Radio Caracas Chronicles: The Health Care Crisis

I am a tourist telling stories with my iPhone, witnessing the slow torture of the Venezuelan people. I've never seen anything like it.

My name isn’t really Pete Sullivan. Before I left for Venezuela, I was advised by other journalists that the government isn’t just giving out the ‘Visa de Negocios’ anymore, shutting out both the foreign press and business people in one fell swoop. Even the expensive services that procure visas for people in Miami are saying it’s a four month wait, and even then it’s “maybe”.

Then, in the days ahead of the 1S La Marcha, journalists with work visas from the Miami Herald, LeMonde and Al Jazeera weren’t allowed in at the airport.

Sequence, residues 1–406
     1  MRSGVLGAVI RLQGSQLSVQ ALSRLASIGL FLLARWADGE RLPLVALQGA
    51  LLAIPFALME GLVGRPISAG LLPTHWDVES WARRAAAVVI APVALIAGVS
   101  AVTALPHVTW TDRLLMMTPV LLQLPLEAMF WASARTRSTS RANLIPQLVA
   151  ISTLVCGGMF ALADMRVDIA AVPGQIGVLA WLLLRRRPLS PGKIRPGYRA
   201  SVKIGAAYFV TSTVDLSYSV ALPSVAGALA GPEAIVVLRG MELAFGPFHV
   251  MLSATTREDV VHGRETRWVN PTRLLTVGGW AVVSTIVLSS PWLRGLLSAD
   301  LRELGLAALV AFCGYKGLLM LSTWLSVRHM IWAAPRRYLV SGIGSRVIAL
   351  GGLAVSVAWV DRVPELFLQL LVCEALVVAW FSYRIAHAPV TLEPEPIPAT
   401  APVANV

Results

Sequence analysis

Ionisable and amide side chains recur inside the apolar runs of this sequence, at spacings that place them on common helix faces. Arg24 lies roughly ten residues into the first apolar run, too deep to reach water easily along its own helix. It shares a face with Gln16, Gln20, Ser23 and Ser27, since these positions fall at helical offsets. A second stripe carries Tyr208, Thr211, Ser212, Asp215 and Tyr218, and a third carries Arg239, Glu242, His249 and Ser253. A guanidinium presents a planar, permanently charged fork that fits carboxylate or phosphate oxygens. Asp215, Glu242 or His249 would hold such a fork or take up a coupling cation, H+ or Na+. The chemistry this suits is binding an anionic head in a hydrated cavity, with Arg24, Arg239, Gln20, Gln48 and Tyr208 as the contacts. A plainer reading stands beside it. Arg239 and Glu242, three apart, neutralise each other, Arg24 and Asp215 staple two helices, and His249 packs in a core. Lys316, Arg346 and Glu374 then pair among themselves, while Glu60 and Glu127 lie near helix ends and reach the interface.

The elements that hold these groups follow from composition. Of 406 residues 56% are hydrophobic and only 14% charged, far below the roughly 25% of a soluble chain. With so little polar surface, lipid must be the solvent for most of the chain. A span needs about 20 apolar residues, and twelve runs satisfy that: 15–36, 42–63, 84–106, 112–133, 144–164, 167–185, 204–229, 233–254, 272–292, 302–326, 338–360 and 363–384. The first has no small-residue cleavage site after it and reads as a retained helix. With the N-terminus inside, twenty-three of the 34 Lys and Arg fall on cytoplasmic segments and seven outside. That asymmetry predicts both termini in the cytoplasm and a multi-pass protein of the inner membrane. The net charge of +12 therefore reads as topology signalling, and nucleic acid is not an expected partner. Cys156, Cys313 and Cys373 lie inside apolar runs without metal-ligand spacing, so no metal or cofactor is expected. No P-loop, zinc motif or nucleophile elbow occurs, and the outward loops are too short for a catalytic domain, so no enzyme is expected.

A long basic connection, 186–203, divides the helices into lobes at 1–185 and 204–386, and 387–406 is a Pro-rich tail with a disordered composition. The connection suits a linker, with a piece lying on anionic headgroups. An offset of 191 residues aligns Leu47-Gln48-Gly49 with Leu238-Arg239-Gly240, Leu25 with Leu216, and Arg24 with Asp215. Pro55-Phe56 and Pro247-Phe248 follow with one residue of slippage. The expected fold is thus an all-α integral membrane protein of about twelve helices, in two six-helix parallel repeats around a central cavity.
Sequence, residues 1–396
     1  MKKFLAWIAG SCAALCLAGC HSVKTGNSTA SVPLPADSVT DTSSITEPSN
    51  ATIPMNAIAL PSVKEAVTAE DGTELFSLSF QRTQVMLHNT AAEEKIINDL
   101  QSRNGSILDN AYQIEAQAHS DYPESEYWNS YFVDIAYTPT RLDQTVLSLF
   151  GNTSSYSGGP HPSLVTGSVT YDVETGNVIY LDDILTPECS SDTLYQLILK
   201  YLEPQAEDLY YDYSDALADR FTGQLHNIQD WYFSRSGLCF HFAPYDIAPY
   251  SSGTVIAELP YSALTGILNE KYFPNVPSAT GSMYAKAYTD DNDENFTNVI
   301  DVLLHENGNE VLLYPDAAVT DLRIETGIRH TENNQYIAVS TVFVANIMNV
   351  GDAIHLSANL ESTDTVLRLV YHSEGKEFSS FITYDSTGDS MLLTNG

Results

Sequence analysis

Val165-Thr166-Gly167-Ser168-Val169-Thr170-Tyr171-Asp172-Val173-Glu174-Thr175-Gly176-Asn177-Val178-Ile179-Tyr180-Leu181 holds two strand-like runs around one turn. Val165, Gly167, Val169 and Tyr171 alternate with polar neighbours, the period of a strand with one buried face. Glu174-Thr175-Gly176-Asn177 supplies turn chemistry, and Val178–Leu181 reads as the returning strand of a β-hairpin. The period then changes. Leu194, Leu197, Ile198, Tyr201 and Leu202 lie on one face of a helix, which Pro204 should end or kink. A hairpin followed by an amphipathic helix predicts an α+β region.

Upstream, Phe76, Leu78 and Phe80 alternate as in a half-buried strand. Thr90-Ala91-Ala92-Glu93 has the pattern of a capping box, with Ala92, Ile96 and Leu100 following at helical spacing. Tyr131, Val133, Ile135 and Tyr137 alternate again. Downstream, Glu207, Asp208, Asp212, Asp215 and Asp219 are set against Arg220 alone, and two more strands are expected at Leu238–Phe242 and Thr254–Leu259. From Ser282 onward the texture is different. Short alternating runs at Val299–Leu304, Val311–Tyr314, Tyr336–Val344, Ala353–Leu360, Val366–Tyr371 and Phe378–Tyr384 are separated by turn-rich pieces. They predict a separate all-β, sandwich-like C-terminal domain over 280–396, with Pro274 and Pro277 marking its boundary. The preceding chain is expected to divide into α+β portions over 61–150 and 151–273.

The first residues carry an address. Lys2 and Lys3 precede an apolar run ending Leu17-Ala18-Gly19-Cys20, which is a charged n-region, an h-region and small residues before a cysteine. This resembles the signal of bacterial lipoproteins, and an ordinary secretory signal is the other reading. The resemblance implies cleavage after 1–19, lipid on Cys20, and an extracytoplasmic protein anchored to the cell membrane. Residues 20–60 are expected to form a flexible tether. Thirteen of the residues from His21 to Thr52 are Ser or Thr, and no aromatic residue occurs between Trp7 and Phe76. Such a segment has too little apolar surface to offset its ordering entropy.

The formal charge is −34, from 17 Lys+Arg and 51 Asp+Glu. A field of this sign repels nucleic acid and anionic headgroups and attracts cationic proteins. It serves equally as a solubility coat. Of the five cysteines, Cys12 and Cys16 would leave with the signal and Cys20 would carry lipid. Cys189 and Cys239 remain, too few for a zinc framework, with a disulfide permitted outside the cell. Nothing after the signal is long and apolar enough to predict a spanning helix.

So, I am a tourist telling stories with my iPhone. I wanted to see if the food and health care crisis were as bad as I had read about before coming. It’s worse. My baptism to the food crisis was seeing a food ration line two blocks from my house in Altamira. The hardest hit are the elderly and the children.

I’ve been traveling internationally for 30  years. There’s always that baptism, that ah ha! moment, of “yeah, i’m really here.” In Sarajevo, it was hearing a sniper’s bullet whizz by my head. In Rwanda, it was seeing a family of four decapitated. In Iraq, it was hearing a car bomb a few blocks away.

Here in Caracas, its was seeing Isbelia, a retired professor, walking me through — with humour, mind you — what is basically, a slow torture of the Venezuelan people. I’ve never seen anything like it.

I hope you enjoy my reports.